At least they didn’t get stuffed tonight, after Mourinho’s antics over the last 7-10 days I would imagine some high up people at Real might not be too impressed with the clubs image getting dragged through the mire.

A good thrashing tonight could have hastened Jose’s exit and probably meant a return to the Premier league – please no, keep him in Madrid, or if not, then anywhere but back in England.

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The lucks still with Jose

Mixed feelings from Inter Milan’s 3-1 win over Barcelona tonight. On one hand Inter played really well and exposed Barcelona’s defensive frailties. One the other, it would be fair to say that Inter had the better of some of the referee’s decisions.

In truth, (and as much as I hate to admit it, as I’m no Mourinho fan) Milan were exceptional tonight and fully deserved their win. They could easily have scored two or three more, and Mourinho got his tactics spot on as he nullified Messi by cutting off his supply line from Xavi.

But Milan’s good fortune at the San Siro continued on from the Chelsea game. First, Milito headed in Sneijder’s abysmal headed attempt on goal that was going well wide, from an offside position.

The luck then continued in the last 10 minutes with two Barca penalty appeals going in Inter’s favour.

Wesley Sneijder made a tackle on Alves that was a clear penalty, but only resulted in a booking for Alves for diving. Then Lucio also got lucky after barging Pique out of the way in the penalty area, not a definate penalty, but I’ve seen them given for less.

All this after a blatent penalty was turned down in the Chelsea game at the San Siro in the last 16, an incident that surely turned the tie in Inter’s favour.

It reminds me of the year Mourinho won the competition with Porto and the onside goal that was disallowed at Old Trafford from Paul Scholes. It’s as if his name is on the trophy already.

In a further twist of good fortune for Mourinho, Barcelona had to make a 20 hour coach journey to Milan due to the Icelandic volcano and the ‘flight ban’. It was refreshing though to hear Pep Guardiola not blame the defeat on the journey.

I do hope Barca can turn this tie around, although I think they will have their work cut out next week. Imagine the hype surrounding Mourinho if he can knock out the (supposed) best side in the world. Sky Sports will be able to carry on with their sickening love in of him, and the talk of him returning to the Premier League will reach fever pitch. It would be unbearable.

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Wenger no fan of La Liga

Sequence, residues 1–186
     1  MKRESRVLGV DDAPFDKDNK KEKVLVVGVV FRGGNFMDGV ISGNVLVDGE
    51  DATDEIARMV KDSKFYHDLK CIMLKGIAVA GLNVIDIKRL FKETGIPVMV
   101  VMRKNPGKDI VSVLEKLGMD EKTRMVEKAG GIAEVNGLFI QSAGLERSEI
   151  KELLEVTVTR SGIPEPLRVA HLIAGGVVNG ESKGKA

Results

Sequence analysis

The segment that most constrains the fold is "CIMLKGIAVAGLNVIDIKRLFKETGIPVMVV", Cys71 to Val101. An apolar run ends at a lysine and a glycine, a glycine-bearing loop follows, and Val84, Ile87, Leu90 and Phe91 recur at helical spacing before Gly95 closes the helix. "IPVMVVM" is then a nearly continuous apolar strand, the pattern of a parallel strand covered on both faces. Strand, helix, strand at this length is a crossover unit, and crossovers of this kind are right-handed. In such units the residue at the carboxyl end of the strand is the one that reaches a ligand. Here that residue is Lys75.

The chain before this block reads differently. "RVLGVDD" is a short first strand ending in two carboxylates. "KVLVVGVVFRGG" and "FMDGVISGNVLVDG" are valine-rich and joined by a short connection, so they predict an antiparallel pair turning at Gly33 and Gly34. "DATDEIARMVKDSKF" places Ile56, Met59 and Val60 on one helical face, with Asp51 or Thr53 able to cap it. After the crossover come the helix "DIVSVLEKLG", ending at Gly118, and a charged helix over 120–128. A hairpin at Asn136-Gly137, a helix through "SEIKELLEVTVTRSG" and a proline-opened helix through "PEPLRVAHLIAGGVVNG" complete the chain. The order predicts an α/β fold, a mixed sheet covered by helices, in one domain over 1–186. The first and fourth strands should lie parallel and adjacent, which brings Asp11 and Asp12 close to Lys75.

Arsene Wenger’s veiled threat to Cesc Fabregas that going to Barcelona would be a backwards step, will surely not be too well recieved in Catalunya.

Wenger said that the Spanish league isn’t competitive as the the 3rd place team is 24 points behind (the leaders). Although he did go on to admit that they “have two good teams”, which was big of him, considering one of those “good teams” recently made his side look very average.

Whatever the strengths or weaknesses of La Liga, it looks like it has it’s appeal to Cesc Fabregas. After all Barcelona is his home City and his former team so why wouldn’t he want to play for them, and who could blame him.

Fabregas is still only a young man (22), and Barcelona have a young side who look set to dominate world football for a long time to come, imagine the success he could have with them.

Couple that with the lack of success at the Emirates Stadium and it’s not hard to see why Wenger is clearly rattled. For Wenger to make such remarks says to me that he is worried that Fabregas wants a move back home.

Could this be the catalyst to make Wenger at last invest in his team? Who knows. It is admirable the way he gives youth a chance and promotes players from within. But at the same time the professional footballer is a selfish beast and Fabregas will know that he can’t go on waiting forever for Wenger’s youth policy to deliver a title.

To insult La Liga might not endear him to Fabregas much either, it looks the kind of style of football that would suit him.

It is arguable that the technical side of football in Spain is far superior to England. As it also said that the Premier League is far more exciting and competitive.

Whatever the truth of those arguments, if Wenger wants to keep Fabregas I would imagine he will need to prove it to him this summer in the transfer market.